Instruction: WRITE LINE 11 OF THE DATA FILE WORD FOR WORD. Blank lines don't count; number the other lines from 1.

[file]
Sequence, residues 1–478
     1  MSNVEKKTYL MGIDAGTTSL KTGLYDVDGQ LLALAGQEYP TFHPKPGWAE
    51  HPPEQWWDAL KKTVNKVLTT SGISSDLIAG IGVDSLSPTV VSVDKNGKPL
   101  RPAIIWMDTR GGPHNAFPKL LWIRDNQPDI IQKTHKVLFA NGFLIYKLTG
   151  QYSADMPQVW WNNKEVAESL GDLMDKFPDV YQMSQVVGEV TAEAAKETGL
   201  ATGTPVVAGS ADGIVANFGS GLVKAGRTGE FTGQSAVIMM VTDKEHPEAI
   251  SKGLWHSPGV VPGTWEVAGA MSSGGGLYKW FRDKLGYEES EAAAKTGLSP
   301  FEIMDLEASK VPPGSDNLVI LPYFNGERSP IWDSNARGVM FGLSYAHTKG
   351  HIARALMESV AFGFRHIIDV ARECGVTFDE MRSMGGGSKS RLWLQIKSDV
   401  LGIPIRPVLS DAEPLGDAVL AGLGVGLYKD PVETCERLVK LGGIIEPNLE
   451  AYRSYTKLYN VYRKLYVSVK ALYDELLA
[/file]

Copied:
   451  AYRSYTKLYN VYRKLYVSVK ALYDELLA